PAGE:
Piet Blom Kasbah Housing 1973
The tartan grid accommodates different functions in each direction - in line with the structural grid, the exposed ends provide various small scale retail spaces, perpendicular to the structural grid a pedestrian garden and playspaces meander through an undercroft - in places this is open and bright, in others it is low, dark and passage-like. These low spaces lead to common staircases which organise pairs of doors, up to six per flight, making small communities around them.
Because of the unusual character of this social housing (€5-600 pcm), it attracts a particular type of occupant - musicians, artists, activists. We heard that despite the appearance of being a peaceful place to live ('what we need is love' - Blom set out its alternative lifestyle in his first collage, on show in the aptly named Piet Blom museum), acoustic separation between houses and to common areas is poor, and the flight path from the nearby airport is intrusive.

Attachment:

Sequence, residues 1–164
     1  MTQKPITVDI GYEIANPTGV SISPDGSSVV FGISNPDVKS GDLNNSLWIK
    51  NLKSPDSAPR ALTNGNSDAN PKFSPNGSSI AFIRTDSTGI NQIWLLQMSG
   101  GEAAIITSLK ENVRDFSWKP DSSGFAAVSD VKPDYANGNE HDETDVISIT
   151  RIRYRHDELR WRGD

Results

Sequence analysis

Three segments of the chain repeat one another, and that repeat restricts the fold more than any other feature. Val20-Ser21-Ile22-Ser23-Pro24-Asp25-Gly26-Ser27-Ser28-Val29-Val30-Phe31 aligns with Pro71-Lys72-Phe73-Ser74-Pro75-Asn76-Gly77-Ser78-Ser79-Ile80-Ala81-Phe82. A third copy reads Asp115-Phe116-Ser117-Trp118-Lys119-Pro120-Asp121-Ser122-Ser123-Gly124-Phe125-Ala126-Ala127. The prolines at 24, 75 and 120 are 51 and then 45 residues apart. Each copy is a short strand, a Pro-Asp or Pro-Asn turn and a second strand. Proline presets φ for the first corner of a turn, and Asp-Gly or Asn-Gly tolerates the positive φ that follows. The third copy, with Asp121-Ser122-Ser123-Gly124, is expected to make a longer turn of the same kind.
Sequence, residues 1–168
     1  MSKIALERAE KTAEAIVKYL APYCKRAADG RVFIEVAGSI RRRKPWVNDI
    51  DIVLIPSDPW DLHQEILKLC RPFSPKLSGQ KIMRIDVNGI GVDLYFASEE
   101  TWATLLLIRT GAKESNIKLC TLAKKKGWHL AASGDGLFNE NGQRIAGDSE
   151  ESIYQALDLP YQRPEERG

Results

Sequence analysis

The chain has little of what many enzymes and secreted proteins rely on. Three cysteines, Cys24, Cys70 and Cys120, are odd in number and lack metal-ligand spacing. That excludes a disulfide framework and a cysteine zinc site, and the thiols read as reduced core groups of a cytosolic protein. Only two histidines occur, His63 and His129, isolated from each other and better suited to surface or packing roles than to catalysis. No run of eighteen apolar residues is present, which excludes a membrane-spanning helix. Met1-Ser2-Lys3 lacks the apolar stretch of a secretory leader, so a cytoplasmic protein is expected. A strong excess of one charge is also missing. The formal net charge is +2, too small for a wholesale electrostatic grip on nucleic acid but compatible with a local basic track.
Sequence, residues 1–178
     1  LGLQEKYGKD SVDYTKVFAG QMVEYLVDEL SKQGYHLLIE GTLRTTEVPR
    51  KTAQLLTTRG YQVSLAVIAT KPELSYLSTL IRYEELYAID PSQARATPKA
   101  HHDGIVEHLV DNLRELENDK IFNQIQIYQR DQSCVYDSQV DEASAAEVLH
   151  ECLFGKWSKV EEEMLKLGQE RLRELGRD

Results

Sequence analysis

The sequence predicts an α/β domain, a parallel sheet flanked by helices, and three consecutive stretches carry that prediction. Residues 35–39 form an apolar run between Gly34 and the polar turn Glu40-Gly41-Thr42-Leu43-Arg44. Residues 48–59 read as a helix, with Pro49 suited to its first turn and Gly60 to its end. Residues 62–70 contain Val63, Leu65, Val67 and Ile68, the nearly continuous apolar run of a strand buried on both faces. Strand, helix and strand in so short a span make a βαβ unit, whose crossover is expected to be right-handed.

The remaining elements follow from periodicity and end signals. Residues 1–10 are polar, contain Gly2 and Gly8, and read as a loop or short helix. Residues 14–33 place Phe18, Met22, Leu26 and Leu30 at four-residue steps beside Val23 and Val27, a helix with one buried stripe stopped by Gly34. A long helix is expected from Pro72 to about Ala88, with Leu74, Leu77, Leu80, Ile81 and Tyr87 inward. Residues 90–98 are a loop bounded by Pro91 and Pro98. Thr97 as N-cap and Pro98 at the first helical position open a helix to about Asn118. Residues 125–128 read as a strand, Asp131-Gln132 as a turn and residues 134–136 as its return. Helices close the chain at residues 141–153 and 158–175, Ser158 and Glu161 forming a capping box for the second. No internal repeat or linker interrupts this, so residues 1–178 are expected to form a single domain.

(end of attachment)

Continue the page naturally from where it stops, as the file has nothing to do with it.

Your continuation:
As a mat building according to Alison Smithsons definition, it is full of intricate moments, some surprising, some banal. It's edges, like the Centraal Beheer we saw earlier act differently according to the immediate context - lofty legs and look outs, framed low vistas to agricultural land, small vertical social spaces from the community space overlooking the school. Colour plays an important role in making it a cohesive whole and reminds me of Dick Bruna's 5 colour palette for the archetypal cute Dutch character Miffy (Nintje) - here Blom used light red brick and terracotta roof tiles that echo the surrounding farm buildings, with joinery in dark navy and white, spandrel panels and concrete frame in egg yolk and custard yellow respectively. The other moments of colour come from the inhabitants personal artefacts and the often lush vegetation in the common spaces (with a rich ecosystem of spiders) and along the precast concrete troughs that line the first floor garden terraces. #unit1 #birminghamMArch #structuralism #housing #commons #pietblom